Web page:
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Man Pages
QSORT(3) FreeBSD Library Functions Manual QSORT(3)

qsort, qsort_b, qsort_r, heapsort, heapsort_b, mergesort, mergesort_b
sort functions

Standard C Library (libc, -lc)

#include <stdlib.h>
void
qsort(void *base, size_t nmemb, size_t size, int (*compar)(const void *, const void *));
void
qsort_b(void *base, size_t nmemb, size_t size, int (^compar)(const void *, const void *));
void
qsort_r(void *base, size_t nmemb, size_t size, void *thunk, int (*compar)(void *, const void *, const void *));
int
heapsort(void *base, size_t nmemb, size_t size, int (*compar)(const void *, const void *));
int
heapsort_b(void *base, size_t nmemb, size_t size, int (^compar)(const void *, const void *));
int
mergesort(void *base, size_t nmemb, size_t size, int (*compar)(const void *, const void *));
int
mergesort_b(void *base, size_t nmemb, size_t size, int (^compar)(const void *, const void *));

The qsort() function is a modified partition-exchange sort, or quicksort. The heapsort() function is a modified selection sort. The mergesort() function is a modified merge sort with exponential search intended for sorting data with pre-existing order.
The qsort() and heapsort() functions sort an array of nmemb objects, the initial member of which is pointed to by base. The size of each object is specified by size. The mergesort() function behaves similarly, but requires that size be greater than “sizeof(void *) / 2”.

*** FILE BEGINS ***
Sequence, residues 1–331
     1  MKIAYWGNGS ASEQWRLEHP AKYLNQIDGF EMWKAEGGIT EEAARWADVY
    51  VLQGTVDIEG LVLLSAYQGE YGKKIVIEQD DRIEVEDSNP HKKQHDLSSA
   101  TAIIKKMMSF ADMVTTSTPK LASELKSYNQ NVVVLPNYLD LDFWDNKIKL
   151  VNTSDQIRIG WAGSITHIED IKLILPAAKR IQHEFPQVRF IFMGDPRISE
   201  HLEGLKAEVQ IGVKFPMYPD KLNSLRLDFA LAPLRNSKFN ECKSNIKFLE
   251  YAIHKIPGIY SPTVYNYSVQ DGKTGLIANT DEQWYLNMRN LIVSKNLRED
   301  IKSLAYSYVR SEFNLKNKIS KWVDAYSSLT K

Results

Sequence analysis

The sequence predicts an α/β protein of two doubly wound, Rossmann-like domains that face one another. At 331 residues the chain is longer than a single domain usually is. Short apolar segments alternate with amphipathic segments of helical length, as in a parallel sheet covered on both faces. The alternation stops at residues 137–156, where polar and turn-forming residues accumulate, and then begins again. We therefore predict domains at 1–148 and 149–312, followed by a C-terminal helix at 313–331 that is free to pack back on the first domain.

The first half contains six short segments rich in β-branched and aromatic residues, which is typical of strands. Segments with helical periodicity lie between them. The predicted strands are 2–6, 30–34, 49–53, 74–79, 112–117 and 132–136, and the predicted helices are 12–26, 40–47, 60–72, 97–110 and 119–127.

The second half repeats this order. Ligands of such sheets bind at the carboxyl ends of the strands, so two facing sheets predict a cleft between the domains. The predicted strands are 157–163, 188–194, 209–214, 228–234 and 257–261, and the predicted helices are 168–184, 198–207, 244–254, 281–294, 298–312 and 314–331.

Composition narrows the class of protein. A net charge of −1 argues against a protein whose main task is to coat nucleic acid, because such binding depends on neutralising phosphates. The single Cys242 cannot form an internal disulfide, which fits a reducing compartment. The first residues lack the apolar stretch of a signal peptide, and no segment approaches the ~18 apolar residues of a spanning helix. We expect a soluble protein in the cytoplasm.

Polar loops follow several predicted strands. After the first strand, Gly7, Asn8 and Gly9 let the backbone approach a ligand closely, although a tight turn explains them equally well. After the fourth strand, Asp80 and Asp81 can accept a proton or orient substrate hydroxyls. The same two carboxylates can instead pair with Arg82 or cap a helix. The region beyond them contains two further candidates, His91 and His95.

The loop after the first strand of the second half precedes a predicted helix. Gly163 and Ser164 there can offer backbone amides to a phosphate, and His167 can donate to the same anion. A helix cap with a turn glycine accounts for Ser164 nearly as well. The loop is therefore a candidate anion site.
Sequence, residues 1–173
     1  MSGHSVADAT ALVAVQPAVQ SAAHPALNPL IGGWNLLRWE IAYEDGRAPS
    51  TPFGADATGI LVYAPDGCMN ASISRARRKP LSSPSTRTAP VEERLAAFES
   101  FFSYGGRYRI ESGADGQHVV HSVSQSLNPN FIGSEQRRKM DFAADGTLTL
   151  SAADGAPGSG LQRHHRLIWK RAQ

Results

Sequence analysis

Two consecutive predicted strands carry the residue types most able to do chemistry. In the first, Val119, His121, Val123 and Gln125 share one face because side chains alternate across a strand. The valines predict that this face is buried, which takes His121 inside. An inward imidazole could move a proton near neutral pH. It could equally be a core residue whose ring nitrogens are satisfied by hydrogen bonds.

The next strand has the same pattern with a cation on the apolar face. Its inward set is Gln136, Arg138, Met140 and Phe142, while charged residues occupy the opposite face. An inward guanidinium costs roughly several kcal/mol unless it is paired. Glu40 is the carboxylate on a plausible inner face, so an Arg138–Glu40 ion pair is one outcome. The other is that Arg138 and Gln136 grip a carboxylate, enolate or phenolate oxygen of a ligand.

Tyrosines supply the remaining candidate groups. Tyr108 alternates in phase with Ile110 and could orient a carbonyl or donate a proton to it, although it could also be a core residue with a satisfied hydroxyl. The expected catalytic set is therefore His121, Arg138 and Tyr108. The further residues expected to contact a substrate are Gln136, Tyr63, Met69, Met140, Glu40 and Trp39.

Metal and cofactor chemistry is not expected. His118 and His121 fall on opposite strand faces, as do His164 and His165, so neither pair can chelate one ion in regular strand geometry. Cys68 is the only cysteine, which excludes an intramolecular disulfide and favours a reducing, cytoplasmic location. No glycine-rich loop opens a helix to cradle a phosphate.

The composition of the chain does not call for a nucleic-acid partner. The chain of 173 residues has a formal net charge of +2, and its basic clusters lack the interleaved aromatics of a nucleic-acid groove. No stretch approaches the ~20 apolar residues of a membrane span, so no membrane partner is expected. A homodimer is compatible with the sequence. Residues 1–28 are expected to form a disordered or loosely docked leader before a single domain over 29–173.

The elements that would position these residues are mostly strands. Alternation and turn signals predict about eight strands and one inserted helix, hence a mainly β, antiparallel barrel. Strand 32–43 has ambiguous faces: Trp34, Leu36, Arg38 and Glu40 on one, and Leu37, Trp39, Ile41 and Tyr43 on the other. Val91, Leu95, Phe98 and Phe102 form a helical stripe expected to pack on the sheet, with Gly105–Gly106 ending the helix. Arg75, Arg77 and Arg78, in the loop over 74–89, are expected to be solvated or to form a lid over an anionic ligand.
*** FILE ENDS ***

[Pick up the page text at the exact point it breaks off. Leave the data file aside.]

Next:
The contents of the array base are sorted in ascending order according to a comparison function pointed to by compar, which requires two arguments pointing to the objects being compared.
The comparison function must return an integer less than, equal to, or greater than zero if the first argument is considered to be respectively less than, equal to, or greater than the second.
The qsort_r() function behaves identically to qsort(), except that it takes an additional argument, thunk, which is passed unchanged as the first argument to function pointed to compar. This allows the comparison function to access additional data without using global variables, and thus qsort_r() is suitable for use in functions which must be reentrant. The qsort_b() function behaves identically to qsort(), except that it takes a block, rather than a function pointer.
The algorithms implemented by qsort(), qsort_r(), and heapsort() are not stable, that is, if two members compare as equal, their order in the sorted array is undefined. The heapsort_b() function behaves identically to heapsort(), except that it takes a block, rather than a function pointer. The mergesort() algorithm is stable. The mergesort_b() function behaves identically to mergesort(), except that it takes a block, rather than a function pointer.
The qsort() and qsort_r() functions are an implementation of C.A.R. Hoare's “quicksort” algorithm, a variant of partition-exchange sorting; in particular, see D.E. Knuth's Algorithm Q. Quicksort takes O N lg N average time. This implementation uses median selection to avoid its O N**2 worst-case behavior.